well the bridge fits into its physical environment aesthetically.
These design criteria represent the constraints of the bridge we want to build. The function determines
the width and elevation of the deck, although the navigational and other types of clearances deter-
mine the height and span length. Together with limitations created by the geological and topographic
4 Bridge Engineering Handbook, Second Edition: Fundamentals

conditions at the site, these criteria determine the basic geometry of the structure. The aim of the
conceptual design is to come up with the most suitable bridge scheme that can satisfy all the given design
criteria. Here, suitability is based on the requirements of safety, functionality, economy, and aesthetics.

1.4 Characteristics of Bridge Structures

1.4.1 Bridge Types
Our first step is to consider the most suitable bridge type. We can group all bridges in the world into four
basic types: girder bridge, arch bridge, cable-stayed bridge, and suspension bridge (see Figure 1.1). There
are also varying possible combinations, such as the cable-stayed and suspension scheme proposed by
Franz Dishinger, and the partially cable-supported girder bridge (Tang, 2007). For simplicity, we can
drop the word partially in this name and call it cable-supported girder bridge. It is a combination of a
girder bridge and any one of the aforementioned bridge types. The extra dosed bridge is a special subset
of the cable-supported girder bridge.
Common wisdom suggests that girder bridges and arch bridges are good for short to medium spans,
whereas cable-stayed bridges are good for medium to longer spans, and suspension bridges are good
for very long spans. Based on this assumption, some engineers established rules to assign a span range
for each of these bridge types. For example, in the 1960s, the reasonable maximum span length of a
cable-stayed bridge was thought to be approximately 450 m and that of a girder bridge was thought to be
approximately 250 m. These previously held theories did not last long as cable-stayed bridges with spans
of over 1000 m have been completed since then.
Over time, with improvements in construction materials and advancements in construction equip-
ment and technique, the reasonable span length of each bridge type has significantly increased. But in
relative terms, the above mentioned comparisons are still valid. Only the numerical values of the span
ranges have changed.





FIGURE 1.1 Four basic types of bridges.

Conceptual Design 5

However, an engineer should not be restricted by these assumptions. Instead, it is important for
e ngineers to understand what the actual limits of each bridge type are, based on his or her understanding
of the latest construction materials and equipment available at the time of construction. When a better
material is available in the future, the engineer should be able to re-estimate these limitations using the
same logic. To be able to do this, the engineer must have a good understanding of the characteristics of
structures. We can begin by looking at the very basic elements of structures.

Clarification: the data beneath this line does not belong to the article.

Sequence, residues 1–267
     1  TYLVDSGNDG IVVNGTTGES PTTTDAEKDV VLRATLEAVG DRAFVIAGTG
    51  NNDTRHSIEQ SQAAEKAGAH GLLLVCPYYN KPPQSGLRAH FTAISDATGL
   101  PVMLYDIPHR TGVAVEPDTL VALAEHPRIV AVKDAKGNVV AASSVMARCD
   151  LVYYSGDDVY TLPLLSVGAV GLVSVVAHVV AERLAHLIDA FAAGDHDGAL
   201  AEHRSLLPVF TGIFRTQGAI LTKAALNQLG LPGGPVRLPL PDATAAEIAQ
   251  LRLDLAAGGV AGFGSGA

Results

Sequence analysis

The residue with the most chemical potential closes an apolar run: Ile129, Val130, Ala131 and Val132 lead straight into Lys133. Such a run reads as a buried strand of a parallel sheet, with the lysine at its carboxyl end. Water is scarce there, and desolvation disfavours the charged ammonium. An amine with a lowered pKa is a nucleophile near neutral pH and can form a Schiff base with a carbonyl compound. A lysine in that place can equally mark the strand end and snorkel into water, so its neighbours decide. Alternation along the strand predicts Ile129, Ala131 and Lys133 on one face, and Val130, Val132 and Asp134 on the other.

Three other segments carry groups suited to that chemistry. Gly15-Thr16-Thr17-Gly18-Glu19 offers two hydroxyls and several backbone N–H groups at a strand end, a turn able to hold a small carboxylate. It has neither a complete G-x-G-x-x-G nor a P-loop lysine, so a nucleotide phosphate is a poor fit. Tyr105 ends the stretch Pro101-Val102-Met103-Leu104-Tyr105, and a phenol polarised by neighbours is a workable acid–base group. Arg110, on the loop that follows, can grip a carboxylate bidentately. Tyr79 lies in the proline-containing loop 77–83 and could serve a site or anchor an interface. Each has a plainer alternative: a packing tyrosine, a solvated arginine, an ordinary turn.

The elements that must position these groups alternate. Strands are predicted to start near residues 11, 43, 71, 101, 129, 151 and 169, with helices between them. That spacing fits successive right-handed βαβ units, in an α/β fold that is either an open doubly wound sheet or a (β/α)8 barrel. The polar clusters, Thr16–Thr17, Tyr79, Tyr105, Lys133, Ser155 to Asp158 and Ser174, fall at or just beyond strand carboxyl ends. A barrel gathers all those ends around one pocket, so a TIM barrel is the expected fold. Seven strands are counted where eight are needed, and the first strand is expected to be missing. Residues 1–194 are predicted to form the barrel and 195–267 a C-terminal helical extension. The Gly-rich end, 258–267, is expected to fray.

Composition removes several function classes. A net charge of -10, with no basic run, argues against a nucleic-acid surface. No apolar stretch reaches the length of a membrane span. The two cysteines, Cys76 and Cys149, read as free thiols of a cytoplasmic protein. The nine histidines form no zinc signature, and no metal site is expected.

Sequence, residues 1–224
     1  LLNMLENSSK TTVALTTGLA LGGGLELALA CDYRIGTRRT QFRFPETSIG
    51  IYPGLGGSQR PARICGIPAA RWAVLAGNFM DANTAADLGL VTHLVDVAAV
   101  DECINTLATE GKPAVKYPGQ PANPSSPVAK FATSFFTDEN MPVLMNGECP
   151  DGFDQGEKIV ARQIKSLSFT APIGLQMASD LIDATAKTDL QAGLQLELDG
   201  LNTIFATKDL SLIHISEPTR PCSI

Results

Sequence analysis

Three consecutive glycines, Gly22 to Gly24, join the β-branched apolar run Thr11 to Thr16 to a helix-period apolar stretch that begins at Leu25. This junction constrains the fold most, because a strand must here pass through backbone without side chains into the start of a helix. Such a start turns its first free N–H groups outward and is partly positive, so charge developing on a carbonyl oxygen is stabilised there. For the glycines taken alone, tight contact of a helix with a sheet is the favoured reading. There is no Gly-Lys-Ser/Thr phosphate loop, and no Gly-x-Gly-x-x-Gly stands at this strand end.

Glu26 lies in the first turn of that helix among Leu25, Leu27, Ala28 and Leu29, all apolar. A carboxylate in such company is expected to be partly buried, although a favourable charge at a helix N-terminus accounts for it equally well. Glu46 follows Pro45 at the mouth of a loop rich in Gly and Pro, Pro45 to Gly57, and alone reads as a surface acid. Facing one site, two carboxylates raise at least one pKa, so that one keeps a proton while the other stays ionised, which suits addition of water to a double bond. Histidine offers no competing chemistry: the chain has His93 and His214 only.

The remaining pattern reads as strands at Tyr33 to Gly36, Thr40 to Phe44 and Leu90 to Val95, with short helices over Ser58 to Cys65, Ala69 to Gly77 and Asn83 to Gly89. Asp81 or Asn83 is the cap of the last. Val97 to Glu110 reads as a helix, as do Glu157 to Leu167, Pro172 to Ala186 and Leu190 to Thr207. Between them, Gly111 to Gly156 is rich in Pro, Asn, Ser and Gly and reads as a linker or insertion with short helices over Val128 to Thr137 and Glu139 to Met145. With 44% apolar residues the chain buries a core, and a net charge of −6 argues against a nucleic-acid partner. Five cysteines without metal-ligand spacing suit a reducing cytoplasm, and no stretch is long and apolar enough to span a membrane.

1.4.2 Basic Structural Elements

Some structures may look very simple and some structures may look very complex, but every structure
is made up of only four basic types of structural elements, and each one is dominated by one type of
function. They are axial force elements (A elements), bending elements (B elements), curved elements
(C elements), and torsional elements (T elements), which can be abbreviated as the ABCT of structures.
The first three types of elements are sufficient to compose almost all structure types (see Figure 1.2).
Most torsional elements can be established using a combination of the first three element types. But, for
convenience, having torsional elements will simplify our thinking process.
As an example, in a cable-stayed bridge, the predominant function of the cables, the girder, and the tow-
ers is to carry axial forces. These are mainly A elements. The same is true for a truss bridge. There are local
effects that may cause bending moment in these elements, but they are less dominant and can be considered
secondary. A girder bridge, however, carries the loads mainly by bending, so it is considered a B element.
When an axial force element changes direction, it creates a force component lateral to the axial force
(see Figure 1.3). So each change of direction will create a lateral component. These lateral components
can be used to resist lateral loads. If the lateral loads are sufficiently closely spaced, the structural ele-
ment becomes a curve, resulting in a curved structural element, the C element. There are two major

The A-B-C of basic structural elements

By axial force

By bending

By curvature

FIGURE 1.2 Structural elements A, B, and C.



FIGURE 1.3 Formation of curve element.

6 Bridge Engineering Handbook, Second Edition: Fundamentals

types of curved elements: if the axial force is compression, the structure is similar to an arch. If the axial
force is tension, the element is similar to a suspended cable such as the main cable of a suspension bridge.
Thus, with A, B, and C elements, we can create the framework of almost all major types of bridges
known to us today. Torsion is usually a locally occurring phenomenon. It mainly coexists with one of
the A, B, or C elements. An eccentrically loaded girder bridge, for example, will have torsion besides
bending moment. Although both of them must be considered in the design, the predominant factor is
still the bending moment and it therefore can be characterized as a B element.
In a design, we proportion the structural elements to remain within the allowable stress limits.